Myth: Catholicism is Anti-Science
In April 2017, I took part in the Atlanta March for Science. Wearing my clerical black pants and shirt, I donned a white lab coat and carried a sign with this quote from Saint Pope John Paul II: “Science can purify religion from error and superstition. Religion can purify science from idolatry and false absolutes” (Letter to Rev. George V. Coyne, SJ, Director of the Vatican Observatory, 1 June 1988).
As you might imagine, the black religious attire combined with the white laboratory garb – I vaguely resembled a habited Dominican – caught quite a few eyes and led to some good conversations with other participants about the interface between Science and Faith.
Our Church is often caricatured as being anti-science, which is patently false. For example, people hear that we oppose embryonic stem cell research, which usually involves the destruction of a human embryo, and uncritically conclude that our faith opposes research that can lead to cures for suffering and disease. This from the USCCB website: “The Catholic Church has long supported research using stem cells from adult (italics mine) tissue and umbilical cord blood, which poses no moral problem.” Bishops conferences in South Korea, Australia, and the United States, among others, have help provide funding for adult stem cell research, an area of study that offers great hope for people suffering from a variety of diseases and traumas.
Not only our Church, but also many scientists themselves recognize that moral or ethical issues that arise from their research have to be taken into consideration. N. Ohara, who works in the Department of Obstetrics and Gynecology, Kohnan Hospital, in Kobe, Japan, writes in the journal Clinical and Experimental Obstetrics and Gynecology, “…science and technology can never be independent of the criterion of morality, since technology exists for man and must respect his finality.”
In the very early days of research into recombinant DNA, many of those engaged in the laboratory work recognized that there were implications far beyond the test tubes and chromosomes in their experiments. In 1975, the first Asilomar Conference was held at the conference center of Asilomar State Beach in California, bringing together 140 molecular genetics researchers, physicians, and lawyers. Paul Berg, known for being one of two recipients of the Nobel Prize in Chemistry in 1980, was one of the conveners. The conference concluded with a recognition of the potential dangers, including ethical matters, that had to be considered and addressed and the safeguards that should be enacted as the work on recombinant DNA proceeded.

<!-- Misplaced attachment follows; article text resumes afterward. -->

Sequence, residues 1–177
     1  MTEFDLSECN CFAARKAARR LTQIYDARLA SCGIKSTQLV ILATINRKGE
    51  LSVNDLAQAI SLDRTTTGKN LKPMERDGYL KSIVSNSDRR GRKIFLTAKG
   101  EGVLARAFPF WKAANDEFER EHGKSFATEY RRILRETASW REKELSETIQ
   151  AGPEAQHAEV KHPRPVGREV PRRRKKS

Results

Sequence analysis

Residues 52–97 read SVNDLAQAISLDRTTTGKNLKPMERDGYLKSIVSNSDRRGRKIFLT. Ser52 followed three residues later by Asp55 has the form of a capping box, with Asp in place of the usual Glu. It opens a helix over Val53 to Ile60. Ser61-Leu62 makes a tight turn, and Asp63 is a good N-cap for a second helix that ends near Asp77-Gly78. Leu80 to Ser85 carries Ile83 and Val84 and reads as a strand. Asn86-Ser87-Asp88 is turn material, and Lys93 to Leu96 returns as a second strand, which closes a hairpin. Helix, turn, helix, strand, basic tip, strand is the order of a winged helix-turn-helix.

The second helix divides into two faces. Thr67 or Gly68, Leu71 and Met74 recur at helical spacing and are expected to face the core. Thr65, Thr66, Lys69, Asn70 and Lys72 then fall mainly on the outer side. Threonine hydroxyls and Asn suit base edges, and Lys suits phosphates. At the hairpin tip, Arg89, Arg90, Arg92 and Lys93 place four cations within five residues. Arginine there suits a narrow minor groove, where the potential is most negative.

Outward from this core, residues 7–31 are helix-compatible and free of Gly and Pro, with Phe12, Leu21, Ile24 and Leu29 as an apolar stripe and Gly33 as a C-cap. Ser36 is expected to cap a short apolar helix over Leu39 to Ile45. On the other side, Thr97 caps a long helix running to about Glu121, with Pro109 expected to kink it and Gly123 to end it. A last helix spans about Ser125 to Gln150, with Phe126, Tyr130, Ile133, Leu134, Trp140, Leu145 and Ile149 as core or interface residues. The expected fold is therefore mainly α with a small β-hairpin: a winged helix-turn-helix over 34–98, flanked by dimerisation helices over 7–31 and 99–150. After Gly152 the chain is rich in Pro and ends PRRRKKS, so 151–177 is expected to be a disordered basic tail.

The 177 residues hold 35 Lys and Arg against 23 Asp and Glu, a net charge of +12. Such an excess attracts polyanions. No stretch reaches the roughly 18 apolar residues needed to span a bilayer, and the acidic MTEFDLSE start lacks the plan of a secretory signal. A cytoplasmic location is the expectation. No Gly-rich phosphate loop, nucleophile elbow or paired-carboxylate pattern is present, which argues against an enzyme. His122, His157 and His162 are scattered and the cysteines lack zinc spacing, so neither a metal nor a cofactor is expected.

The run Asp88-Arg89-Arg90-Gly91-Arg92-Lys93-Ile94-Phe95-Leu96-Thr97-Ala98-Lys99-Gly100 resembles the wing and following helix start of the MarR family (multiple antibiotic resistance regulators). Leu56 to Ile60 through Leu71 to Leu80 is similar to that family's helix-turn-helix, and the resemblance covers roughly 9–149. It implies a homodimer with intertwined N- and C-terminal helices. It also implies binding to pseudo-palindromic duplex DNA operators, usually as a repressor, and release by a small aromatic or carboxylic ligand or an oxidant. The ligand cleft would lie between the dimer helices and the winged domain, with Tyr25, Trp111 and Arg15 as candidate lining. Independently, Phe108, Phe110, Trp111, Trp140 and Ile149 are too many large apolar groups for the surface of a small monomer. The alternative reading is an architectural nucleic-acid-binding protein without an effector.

Historically, the Church has been a great supporter of both the arts and the sciences. Notable scientists were also Catholic clergy: Fr. Gregor Mendel known as the Father of Genetics, geologist and volcanologist Fr. Giuseppe Mercalli, who developed a scale for measuring earthquakes that is still used by the U.S. Geological Survey, and Fr. Georges Lemaitre, known as the Father of the Big Bang theory.
Lay Catholic scientists, too, are remembered for their work: Henri Becquerel, Nobel Prize winner and one of the discoverers of radioactivity, Sr. Mary Kenneth Keller, the first women to earn a PhD in computer science and a developer of BASIC, and Gerty Cori, the first American woman to win a Nobel Prize in science (physiology).
Catholicism understands that there can be no opposition between true faith and true science since both have the same goal, the discovery of what is true. Faith seeks to understand truth that is made known to us by Divine Revelation. Science seeks to understand truth that is made known to us through our God-given intellect and the application of that intellect to questions that arise from the natural world.
Faith asks, “What is the origin of sin and suffering?” We learn from revelation that our sin and suffering comes not from God who created man and woman in Paradise, but from the choices we made and make that contradict God’s will. Science asks, “What is the origin of the species that populate the world?” We learn from scientific inquiry and experimentation that, “all species of organisms arise and develop through the natural selection of small, inherited variations that increase the individual's ability to compete, survive, and reproduce” (Darwinian evolution -Wikipedia). There are questions that are not proper to faith. Nothing in Divine Revelation tells us how to treat chronic leukemia. There are questions that are not proper to science. Laboratory experimentation is not going to reveal to us the power of forgiveness.
Unfortunately, there are those in the science community who deny the existence of God and, therefore, Divine Revelation. For them, any answer to any question about the fundamental nature of reality, the origin of life, or the true purpose of human life, can and must be answered without any reference whatsoever to a God. As, unfortunately, there are people of faith who ignore science and try to cast anyone who adheres to good, solid science as being unfaithful or, worse, as acting in a way that can lead them to eternal damnation.
As for me and my house . . . I will always treasure both my Catholic faith and my science education. Interestingly enough, the education I received as a Catholic and as a biologist came from the same five Catholic schools. Faith offers me an explanation of the “Whys” while science explains to me the “Hows.” That education has been, as far as I am concerned, one of the greatest gifts in my life.